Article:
Britain’s oldest referee has no plans to devote himself full-time to his hobby at the age of 89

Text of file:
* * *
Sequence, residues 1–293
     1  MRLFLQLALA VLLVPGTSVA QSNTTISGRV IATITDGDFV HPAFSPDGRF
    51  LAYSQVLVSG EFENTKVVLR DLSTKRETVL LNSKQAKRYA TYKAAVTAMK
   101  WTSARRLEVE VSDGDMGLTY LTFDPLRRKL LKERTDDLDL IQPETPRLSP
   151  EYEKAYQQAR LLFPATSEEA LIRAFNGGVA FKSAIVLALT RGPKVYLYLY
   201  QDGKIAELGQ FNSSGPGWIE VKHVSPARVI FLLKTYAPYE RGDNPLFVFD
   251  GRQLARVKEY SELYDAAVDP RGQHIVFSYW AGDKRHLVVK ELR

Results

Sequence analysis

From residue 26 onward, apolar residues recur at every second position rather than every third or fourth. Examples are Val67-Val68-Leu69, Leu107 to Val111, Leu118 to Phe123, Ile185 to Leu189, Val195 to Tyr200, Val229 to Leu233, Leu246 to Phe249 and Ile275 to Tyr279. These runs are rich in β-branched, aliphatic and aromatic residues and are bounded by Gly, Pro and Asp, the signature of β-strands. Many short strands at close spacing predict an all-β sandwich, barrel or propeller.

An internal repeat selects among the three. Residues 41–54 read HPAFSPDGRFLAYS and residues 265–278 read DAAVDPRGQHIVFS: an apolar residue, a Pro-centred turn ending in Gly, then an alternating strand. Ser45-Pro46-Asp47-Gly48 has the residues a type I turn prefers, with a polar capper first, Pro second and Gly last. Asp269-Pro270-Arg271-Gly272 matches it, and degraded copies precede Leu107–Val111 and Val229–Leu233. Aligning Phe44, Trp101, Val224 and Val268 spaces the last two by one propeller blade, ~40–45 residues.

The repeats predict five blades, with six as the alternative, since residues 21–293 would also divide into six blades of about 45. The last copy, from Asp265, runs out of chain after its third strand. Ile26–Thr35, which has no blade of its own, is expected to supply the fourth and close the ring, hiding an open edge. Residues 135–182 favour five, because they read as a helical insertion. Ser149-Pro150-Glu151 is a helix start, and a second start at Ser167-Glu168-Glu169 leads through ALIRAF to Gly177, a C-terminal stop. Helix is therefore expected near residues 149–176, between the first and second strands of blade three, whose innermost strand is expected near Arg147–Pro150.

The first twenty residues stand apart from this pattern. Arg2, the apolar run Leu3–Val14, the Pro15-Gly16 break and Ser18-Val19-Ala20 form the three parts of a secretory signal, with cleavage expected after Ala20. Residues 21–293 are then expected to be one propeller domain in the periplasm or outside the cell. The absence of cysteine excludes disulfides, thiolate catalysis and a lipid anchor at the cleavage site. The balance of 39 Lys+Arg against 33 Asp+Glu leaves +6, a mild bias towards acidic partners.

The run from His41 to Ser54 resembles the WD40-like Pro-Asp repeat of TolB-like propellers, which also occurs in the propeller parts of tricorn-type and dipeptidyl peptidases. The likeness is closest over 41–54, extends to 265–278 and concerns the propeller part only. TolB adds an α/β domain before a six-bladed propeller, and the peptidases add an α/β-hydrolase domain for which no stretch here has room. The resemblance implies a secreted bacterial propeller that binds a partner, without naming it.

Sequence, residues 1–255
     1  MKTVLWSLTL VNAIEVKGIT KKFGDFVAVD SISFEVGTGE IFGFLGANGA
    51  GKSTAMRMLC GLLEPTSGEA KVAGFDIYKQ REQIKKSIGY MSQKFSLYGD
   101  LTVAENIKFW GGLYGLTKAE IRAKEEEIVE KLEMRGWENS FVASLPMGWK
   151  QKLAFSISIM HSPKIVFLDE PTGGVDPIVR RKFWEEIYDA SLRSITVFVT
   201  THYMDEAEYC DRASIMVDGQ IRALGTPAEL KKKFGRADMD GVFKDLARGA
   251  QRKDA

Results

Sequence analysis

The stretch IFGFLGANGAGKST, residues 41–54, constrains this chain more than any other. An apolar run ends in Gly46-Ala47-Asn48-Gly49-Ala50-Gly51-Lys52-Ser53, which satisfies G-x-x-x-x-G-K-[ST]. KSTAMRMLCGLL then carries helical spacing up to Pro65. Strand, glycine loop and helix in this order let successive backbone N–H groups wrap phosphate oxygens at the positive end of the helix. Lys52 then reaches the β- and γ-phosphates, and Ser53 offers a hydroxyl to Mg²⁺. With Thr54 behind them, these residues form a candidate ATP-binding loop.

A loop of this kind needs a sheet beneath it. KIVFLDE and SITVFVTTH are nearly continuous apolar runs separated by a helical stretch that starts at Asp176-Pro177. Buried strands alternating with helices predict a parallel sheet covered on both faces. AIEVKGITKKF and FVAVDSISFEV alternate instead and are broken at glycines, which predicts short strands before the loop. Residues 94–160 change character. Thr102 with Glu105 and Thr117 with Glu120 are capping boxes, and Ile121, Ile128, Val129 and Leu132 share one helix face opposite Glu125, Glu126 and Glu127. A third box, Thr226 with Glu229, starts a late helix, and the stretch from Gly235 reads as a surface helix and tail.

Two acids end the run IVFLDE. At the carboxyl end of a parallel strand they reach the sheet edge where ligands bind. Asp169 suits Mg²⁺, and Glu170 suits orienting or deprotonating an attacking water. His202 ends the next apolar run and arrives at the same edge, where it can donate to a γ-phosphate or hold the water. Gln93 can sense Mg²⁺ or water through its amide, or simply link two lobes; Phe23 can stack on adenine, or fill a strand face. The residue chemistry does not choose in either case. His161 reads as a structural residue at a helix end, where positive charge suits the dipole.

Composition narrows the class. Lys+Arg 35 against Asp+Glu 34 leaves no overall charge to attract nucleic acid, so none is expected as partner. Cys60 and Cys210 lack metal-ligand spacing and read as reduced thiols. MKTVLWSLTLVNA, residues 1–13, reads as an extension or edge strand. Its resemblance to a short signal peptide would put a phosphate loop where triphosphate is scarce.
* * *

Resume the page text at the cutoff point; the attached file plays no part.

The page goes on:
Britain’s oldest referee has no intention of blowing the final whistle for his hobby – at the age of 89. The spunky Frank Foster took charge of over 5,000 games in a career spanning over 40 years. He began refereeing in November 1980 and still officiates three times a week for men’s, women’s and children’s football matches for Sheffield and Hallamshire FA. And he expects to continue handing out red and yellow cards until he turns 90 because he “loves being a referee”. Great-grandfather-of-three Frank said: “I love it. Whether it’s women’s, women’s, men’s or men’s football, I’m the same. I love football, but you have to play it according to the rules. so no diving. “I like to see that people play by the rules and that there is no dissent. “I don’t accept any problem, even from the spectators. “I make them understand the word of respect.” “When I talk to the players before the game starts, I tell them to whistle and all that jazz. “I tell them not to get into altercations and tell them I’m going to settle everything because if you fight back it’s even worse. Frank played football with Bamford FC but had to quit at the start of the 1950s when he injured his knee. He then decided to become a coach and referee and passed his referee exam in 1980 with a mark of 98%. During his 40-year career, he refereed thousands of players over the years, including England player Tony Currie who he said ‘wanted the ball at his feet.’ Frank, from Sheffield, South Yorks, said: ‘I sponsored a team there a few years ago and they played a game where Tony Currie was playing. “I didn’t have to give him a red card or anything. But if the ball was in front of him he wouldn’t run over it, he just wanted the ball at his feet from what I remember . I can’t remember their names now, but I once refereed Chesterfield centre-forward and Barnsley goalkeeper a few years ago.” The Sheffield United fan is considered the oldest referee in the UK and he said people sometimes comment on his age after matches. Frank said: “There were times when I was leaving the pitch and someone will come up to me and ask how old I am. “I ask them how old they think I am, they might say 67 but I’ll always answer right. I don’t even think about my age and I’ll be a referee until I can’t keep up with them.” . “I might eventually need a moped at half time, but I will always continue to do so.” He also reflected on some of his memories as a football coach and referee from the past 40 years, including when he had to tell spectators to leave. Frank said: “I was a referee in a men’s game once and every time I made a call on something one of the players was like ‘oh my god.’ little aside. “But after the second time he said it, I went up to him and said ‘it’s good to know that there are people who are religious playing football.’ “He didn’t say it anymore, it all depends on how you approach it.” He added: “I don’t take anything from the spectators either, I tell them to shut up or I just send them away. “If I have to fire them, then I find out what team they’re supporting and call that team’s manager to fire that guy. Then if he doesn’t leave, I’ll call the game off.” , I sent a guy off and he asked me how far I wanted him to walk. “I told him if he saw a number five bus, then he should get on it.”

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